Asking students for their feedback can be a helpful way for teachers to make informed decisions when adjusting their curriculum and classroom instruction.  There are a variety of approaches you can take to accumulate this feedback. Read on to see some suggestions on what teachers are doing!

1 – Have students fill out an anonymous survey each quarter. The surveys can help you improve year to year and adjust for the students you have each year. These surveys show that you’re open to improvement, making it a good model for the students as well. Consider also doing a first impressions survey in week two.

2 – Teacher reviews can be very helpful. Survey students a quarter into the year and then mid-way through the fourth quarter. It’s a great way to (1) identify what parts of your teaching style they appreciate and (2) anything they feel like was shaky from a content perspective.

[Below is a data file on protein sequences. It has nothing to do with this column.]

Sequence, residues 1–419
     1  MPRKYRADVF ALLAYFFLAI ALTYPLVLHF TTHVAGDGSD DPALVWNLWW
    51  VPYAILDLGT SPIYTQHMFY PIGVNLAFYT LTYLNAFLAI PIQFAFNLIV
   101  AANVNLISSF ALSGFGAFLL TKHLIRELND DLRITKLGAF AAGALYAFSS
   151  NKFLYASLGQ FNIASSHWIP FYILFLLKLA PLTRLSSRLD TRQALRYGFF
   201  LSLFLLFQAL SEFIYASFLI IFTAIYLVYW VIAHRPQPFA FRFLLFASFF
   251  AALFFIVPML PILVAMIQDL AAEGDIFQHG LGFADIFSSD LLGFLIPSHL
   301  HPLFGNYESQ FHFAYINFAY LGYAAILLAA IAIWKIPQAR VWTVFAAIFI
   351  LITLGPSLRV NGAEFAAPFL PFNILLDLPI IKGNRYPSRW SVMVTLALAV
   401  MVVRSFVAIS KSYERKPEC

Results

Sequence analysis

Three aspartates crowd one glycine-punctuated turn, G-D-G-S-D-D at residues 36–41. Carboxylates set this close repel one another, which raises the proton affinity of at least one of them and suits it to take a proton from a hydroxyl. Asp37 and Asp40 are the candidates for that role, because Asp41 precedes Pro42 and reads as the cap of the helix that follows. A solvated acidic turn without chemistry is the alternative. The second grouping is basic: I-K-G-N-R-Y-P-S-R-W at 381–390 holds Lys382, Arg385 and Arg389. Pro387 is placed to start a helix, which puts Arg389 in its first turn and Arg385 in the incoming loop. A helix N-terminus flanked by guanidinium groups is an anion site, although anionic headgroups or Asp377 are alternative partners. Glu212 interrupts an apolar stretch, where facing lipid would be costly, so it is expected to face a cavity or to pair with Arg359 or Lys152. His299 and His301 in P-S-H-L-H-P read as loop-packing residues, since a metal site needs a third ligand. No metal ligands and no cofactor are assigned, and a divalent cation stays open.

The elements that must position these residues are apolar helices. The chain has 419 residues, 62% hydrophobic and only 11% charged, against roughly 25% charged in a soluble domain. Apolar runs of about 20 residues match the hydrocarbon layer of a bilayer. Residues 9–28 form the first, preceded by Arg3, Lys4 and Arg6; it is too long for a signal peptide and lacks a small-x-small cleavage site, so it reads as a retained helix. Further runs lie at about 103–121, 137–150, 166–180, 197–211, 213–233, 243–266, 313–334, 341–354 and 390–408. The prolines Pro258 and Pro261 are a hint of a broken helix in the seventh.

3 – Ask students for feedback on how the discussions are going. After you explain a concept or solve a certain problem, ask the class if any of them have questions so that you can try to adjust phrasing or whatever else that might help them – also ask them as to what made it difficult for them to understand the explanation earlier.

4 – On some lessons, consider giving students handouts to study as a supplement and then ask about them (Did the handout help? What did they like about the handout? What could be improved about the handout?).

These are all great techniques to gather student feedback on your curriculum and classroom instruction. Do you have another method that works? Share with us in the comments section below!